Slashdot videos: Now with more Slashdot!
We've improved Slashdot's video section; now you can view our video interviews, product close-ups and site visits with all the usual Slashdot options to comment, share, etc. No more walled garden! It's a work in progress -- we hope you'll check it out (Learn more about the recent updates).
They have been working on fixing the vulnerabilities that they found at power plants across the country, but how many other plant control systems need to be fixed? Is it possible to look at severing all computer connections between plant control systems and all other networks and expect them to still function?"
Link to Original Source
From the Wall Street Journal:
The government's plans for monitoring as much as 6,000 miles of the Canadian and Mexican borders hinge on towers such as these working properly. If they prove ineffective, officials could be forced to spend billions of dollars for more traditional security measures, such as fences and more officers. The Homeland Security Department currently estimates that the virtual fence will cost about $8 billion through 2013, although the agency's inspector general wrote last November that the cost could balloon to $30 billion.
From Nation Institute:
At Congressional hearings, Boeing vice president and SBInet program manager, Jerry McElwee, took heat from Congressman William Lacy Clay who demanded information about the ballooning costs and the extension of the contract period. "You bid on these contracts and then you come back and say, 'Oh we need more time. It costs more than twice as much.' Are you gaming the taxpayers here? Or gaming DHS?" the Missouri Democrat asked.
This failure has the potential to eventually rival the UK National Health Service disaster, known affectionately as the "greatest IT disaster in history." It also brings back memories of the Airbus failure, in which multiple project segments failed to work when brought together as a finished unit. The level of planning and coordination required to complete a project like this on time and budget almost defies human capability. Why don't they break it down into smaller, simpler components, increasing the likelihood the thing can actually be built?"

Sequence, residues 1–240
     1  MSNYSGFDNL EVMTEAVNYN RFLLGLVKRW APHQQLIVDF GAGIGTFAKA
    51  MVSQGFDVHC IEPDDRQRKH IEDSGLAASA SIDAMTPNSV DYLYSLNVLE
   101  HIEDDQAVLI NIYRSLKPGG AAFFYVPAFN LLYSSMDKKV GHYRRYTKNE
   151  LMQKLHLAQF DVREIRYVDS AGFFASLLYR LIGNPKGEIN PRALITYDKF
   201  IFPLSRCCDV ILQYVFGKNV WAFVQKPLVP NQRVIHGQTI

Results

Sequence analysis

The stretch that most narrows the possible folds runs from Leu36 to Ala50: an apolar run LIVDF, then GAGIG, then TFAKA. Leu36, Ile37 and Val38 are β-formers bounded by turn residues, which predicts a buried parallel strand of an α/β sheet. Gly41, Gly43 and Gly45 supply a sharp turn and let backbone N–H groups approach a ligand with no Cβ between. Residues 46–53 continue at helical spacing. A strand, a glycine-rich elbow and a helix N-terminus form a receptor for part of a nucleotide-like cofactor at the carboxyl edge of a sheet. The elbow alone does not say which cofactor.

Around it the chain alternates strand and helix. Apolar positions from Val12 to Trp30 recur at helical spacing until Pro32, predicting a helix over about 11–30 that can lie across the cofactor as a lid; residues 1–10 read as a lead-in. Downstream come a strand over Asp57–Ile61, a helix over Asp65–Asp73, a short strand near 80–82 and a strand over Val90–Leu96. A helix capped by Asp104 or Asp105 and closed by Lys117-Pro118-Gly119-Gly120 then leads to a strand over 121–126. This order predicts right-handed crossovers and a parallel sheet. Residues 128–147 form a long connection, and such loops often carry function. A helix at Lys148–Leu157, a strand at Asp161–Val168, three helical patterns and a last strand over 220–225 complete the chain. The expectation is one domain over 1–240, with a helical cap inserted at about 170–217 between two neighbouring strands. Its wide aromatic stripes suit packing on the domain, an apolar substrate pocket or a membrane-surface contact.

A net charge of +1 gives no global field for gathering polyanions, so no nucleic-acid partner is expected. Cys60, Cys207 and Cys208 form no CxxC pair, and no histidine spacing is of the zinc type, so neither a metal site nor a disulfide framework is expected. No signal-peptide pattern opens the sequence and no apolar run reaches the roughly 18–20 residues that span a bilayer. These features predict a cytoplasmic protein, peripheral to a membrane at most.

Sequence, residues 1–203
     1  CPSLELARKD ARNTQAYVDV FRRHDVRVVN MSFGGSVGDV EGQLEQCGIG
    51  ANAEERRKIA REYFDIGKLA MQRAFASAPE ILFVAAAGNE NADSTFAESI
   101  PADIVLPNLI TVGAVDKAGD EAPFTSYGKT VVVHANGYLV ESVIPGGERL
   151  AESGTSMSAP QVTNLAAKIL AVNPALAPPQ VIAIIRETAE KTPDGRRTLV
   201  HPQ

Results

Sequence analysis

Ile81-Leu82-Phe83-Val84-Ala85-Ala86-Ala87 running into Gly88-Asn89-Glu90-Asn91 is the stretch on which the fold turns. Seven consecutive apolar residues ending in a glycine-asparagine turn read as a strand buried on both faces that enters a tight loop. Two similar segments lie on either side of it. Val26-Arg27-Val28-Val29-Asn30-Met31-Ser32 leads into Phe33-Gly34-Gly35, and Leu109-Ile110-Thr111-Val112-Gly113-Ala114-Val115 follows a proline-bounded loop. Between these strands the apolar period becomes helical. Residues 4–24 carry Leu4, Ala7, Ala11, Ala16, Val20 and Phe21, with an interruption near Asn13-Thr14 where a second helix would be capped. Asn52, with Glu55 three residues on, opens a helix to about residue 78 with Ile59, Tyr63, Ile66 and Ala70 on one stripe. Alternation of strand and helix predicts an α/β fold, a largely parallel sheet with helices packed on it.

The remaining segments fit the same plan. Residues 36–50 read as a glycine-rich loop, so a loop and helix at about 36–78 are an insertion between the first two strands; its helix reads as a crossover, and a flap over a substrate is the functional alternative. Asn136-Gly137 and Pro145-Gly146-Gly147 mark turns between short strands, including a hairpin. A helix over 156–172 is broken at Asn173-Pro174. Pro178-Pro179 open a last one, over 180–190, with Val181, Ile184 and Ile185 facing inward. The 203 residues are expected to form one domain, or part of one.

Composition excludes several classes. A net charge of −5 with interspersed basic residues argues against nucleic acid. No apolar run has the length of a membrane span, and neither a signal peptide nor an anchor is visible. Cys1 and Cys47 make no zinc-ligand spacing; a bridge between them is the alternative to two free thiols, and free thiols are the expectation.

Link to Original Source
So far I've tried Apple's
I'm looking for something that's easy-to-use, can mount as a disk in OS X and Windows XP, has an offline files mode, and can resolve conflicts when they occur. Bonus points if I can use my existing web hosting account as storage, and I'm not opposed to commercial software if it gets the job done. I'd also prefer something that encrypts data traveling over the network and is at least version 1.0. Can anybody offer any suggestions?"
The new version, called The Reaper, is 'about a third longer, and twice as heavy, than the Predator.' And while the Predator is designed to carry 2 hellfire missiles, the Reaper will carry 14 hellfire missiles. Wired has the coverage.
Attacking drones — as opposed to reconnaissance drones — have been controversial due to the disconnected nature of remote combat they provide."